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The Importance of Failure in Learning

Tomorrow's Teaching and Learning

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The university creates an environment that causes fear of failure, which may be acceptable in the business world but not in academia.


The posting below, by Professor David Freyberg of Stanford University looks at the positive role of failure in the learning process. It is from the Stanford Report, May 1, 2002, and is reprinted with permission.


Rick Reis

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Learning is most effective when it incorporates and embraces failure, scholar says


Failure is an experience that most students and faculty try to avoid -- but not Dave Freyberg. A member of the Stanford faculty for 22 years, Freyberg tackled the subject head-on when he delivered the "Award-Winning Teachers on Teaching" lecture last Thursday.

"I recall my parents saying, as I went off to school, 'Learn from your mistakes,'" said Freyberg, an associate professor of civil and environmental engineering. "That's a shibboleth we all hear, and what happens is, we get to school and we're not supposed to fail."

In reality, he argued, failure is an integral part of the learning process -- or should be -- just as failure is an essential component of engineering.

"Engineers learn how to use failure as part of the design process," Freyberg noted. "We don't want to have dams and bridges that fail -- that's not good. But failure happens. That's why we have R & D [research and development]. The 'D' part is recognition that we will have failure."

The process of design -- failure followed by improvement -- is the essence of engineering, he observed. Likewise, the process of learning is most effective if it incorporates failure: You try something out, and if it doesn't work, you fix it. That approach seems to work best in writing courses where the student continually revises and improves each draft. However, the technique works in very few other courses, said Freyberg, the former associate dean of engineering for undergraduate education and a past recipient of School of Engineering's Tau Beta Pi award for excellence in undergraduate education.

Fear of failure

The university creates an environment that causes fear of failure, which may be acceptable in the business world but not in academia, he added.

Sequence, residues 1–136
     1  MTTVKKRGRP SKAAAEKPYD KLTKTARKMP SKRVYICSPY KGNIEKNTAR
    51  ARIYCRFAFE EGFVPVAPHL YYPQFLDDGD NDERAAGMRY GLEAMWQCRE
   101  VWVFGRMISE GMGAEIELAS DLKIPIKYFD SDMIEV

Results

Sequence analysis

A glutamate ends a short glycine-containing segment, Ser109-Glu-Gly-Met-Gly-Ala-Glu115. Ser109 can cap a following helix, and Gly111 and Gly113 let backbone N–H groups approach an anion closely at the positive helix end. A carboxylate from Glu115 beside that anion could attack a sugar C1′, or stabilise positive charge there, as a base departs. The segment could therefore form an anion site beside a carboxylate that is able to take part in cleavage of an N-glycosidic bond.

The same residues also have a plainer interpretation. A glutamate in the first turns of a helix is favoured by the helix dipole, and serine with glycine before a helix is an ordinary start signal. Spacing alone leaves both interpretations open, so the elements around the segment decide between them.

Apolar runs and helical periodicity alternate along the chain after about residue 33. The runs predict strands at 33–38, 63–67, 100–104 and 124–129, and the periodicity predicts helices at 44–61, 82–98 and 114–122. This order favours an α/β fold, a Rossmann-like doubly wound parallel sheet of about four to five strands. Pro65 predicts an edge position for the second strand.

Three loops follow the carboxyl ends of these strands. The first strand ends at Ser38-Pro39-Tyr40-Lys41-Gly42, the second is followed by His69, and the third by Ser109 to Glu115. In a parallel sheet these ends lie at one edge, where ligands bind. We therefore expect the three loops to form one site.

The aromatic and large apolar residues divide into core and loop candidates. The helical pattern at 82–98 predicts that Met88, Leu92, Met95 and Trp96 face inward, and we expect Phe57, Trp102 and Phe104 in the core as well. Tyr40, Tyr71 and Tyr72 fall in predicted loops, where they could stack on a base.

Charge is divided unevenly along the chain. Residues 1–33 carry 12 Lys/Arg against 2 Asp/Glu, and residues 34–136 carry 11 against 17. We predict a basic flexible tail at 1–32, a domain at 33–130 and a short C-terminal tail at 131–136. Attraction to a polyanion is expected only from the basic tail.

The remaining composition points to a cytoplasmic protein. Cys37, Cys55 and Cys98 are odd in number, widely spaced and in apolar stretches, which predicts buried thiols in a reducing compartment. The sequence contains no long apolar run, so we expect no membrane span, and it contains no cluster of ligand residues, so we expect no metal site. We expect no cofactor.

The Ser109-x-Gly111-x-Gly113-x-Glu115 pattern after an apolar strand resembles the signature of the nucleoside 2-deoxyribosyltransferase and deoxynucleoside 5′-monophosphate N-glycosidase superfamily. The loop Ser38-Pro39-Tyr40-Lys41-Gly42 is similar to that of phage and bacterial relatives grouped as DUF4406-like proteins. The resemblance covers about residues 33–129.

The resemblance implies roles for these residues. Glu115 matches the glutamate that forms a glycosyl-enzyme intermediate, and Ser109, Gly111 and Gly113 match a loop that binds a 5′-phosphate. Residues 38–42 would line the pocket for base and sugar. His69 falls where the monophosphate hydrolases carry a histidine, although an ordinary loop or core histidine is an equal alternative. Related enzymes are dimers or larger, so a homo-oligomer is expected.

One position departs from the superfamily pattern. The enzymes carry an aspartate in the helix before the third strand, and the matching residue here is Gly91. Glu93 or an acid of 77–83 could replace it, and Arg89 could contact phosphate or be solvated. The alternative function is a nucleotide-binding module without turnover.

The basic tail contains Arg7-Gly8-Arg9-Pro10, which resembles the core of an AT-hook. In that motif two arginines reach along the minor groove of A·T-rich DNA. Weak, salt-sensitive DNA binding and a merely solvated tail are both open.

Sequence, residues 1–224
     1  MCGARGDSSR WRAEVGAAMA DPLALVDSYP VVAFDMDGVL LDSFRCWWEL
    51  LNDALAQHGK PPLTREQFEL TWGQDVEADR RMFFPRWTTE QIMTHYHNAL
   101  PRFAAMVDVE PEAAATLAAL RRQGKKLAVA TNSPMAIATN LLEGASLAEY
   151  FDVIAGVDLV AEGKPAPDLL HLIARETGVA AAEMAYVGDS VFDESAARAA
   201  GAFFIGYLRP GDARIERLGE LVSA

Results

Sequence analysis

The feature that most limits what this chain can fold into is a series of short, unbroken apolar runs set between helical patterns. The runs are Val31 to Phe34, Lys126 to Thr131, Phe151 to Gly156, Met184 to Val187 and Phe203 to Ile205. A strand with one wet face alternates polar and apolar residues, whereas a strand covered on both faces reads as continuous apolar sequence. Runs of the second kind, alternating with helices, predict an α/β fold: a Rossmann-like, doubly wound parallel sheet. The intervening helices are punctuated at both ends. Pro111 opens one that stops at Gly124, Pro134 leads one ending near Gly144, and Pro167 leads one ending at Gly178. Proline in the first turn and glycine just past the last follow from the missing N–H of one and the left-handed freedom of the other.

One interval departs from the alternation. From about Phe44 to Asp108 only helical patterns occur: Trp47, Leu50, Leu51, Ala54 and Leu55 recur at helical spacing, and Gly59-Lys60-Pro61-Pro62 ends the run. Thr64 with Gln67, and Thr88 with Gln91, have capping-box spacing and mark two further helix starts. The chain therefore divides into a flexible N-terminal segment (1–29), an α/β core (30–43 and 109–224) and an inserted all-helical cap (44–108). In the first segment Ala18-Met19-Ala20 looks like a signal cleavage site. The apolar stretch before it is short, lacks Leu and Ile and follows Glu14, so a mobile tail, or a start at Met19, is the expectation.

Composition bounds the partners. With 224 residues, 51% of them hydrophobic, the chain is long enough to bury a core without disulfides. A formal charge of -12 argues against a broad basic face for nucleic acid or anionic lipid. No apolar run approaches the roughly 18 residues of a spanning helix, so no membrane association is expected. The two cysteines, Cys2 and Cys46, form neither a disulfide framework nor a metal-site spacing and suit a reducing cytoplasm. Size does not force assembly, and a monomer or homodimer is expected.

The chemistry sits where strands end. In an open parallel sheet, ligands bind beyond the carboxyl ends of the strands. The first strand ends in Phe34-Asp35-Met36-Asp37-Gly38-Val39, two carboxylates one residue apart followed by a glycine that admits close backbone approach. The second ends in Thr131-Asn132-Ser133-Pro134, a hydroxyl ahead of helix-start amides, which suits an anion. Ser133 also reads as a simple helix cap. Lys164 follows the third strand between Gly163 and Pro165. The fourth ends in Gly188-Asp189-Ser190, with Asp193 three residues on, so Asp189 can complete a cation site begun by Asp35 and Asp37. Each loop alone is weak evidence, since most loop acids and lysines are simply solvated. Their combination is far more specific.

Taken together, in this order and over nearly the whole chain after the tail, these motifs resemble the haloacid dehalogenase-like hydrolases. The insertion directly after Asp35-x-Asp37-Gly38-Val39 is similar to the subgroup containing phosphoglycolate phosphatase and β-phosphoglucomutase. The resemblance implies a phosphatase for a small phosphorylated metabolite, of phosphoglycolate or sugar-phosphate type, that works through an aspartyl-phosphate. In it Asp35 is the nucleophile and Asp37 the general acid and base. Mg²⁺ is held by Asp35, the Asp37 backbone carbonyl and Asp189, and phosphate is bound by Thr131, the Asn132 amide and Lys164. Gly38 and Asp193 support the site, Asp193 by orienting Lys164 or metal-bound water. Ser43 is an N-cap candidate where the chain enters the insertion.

"The notion that learning is a one-pass process -- I think the data don't support that. It's a multi-pass process," Freyberg noted.

As an example, he pointed to the "traditional problem set cycle" that occurs in most undergraduate engineering courses. The teacher lectures for a week or two, then hands out a problem set that is due back in a week. It takes another week for the instructor to grade the assignment, and if the student does well, he or she will file it away. But, according to Freyberg, if the problem set returns full of red ink, the student is usually too busy with new assignments to correct it, so the short-term feedback loop between failing and learning to correct your failures breaks down.

"The timing isn't right," he argued, "so I'm not convinced that problem sets lead to a lot of learning."

To create a "positive feedback loop" in his classroom, Freyberg tried an experiment. He decided not to grade problem sets, thus giving students the opportunity to fail on their homework exercises. However, they were required to take exams that covered the same material in the exercises. You're free to fail once, Freyberg told his students, but see if you can learn the material the second time through.

The experiment yielded some surprising results. In preparing for an exam, many students assumed that Freyberg was trying to trick them and chose instead to study material not covered in the problem sets.

"I've had a striking number of conversations with students after the final who've said, 'We didn't believe you.' Perhaps I'm inherently untrustworthy," Freyberg quipped. "A more likely explanation is that I haven't been successful in explaining it."

According to Freyberg, the experiment worked well with freshmen, but failed with seniors -- an "interesting temporal pattern" that he was at a loss to explain.

Esprit de corps

Freyberg eagerly sought advice on how to create a classroom environment that uses failure as a learning tool -- an environment that is supportive enough not to damage self-esteem but that simultaneously discourages long-term failure.

One student suggested that, because Stanford undergraduates have little experience with failure, Freyberg might consider conducting a kind of failure consciousness-raising session in class. Although the comment drew much laughter, Freyberg rejected the myth that Stanford students rarely fail. He also noted that nothing creates classroom esprit de corps better than group projects that fail -- followed by group projects that succeed.

"My own attempts to deal with this fear of failure have largely failed," he conceded. "I'm continuing to believe that the basic notion is right. I'm just not implementing it well."

The "Award-Winning Teachers on Teaching" series is sponsored by the Center for Teaching and Learning. The next lecture in the series by chemistry Professor Eric Kool will be held at noon May 16 at the Hartley Conference Center in the Mitchell Earth Sciences Building. Kool's topic will be "How Can Organic Chemistry Possibly Be Interesting? One Teacher's Answer."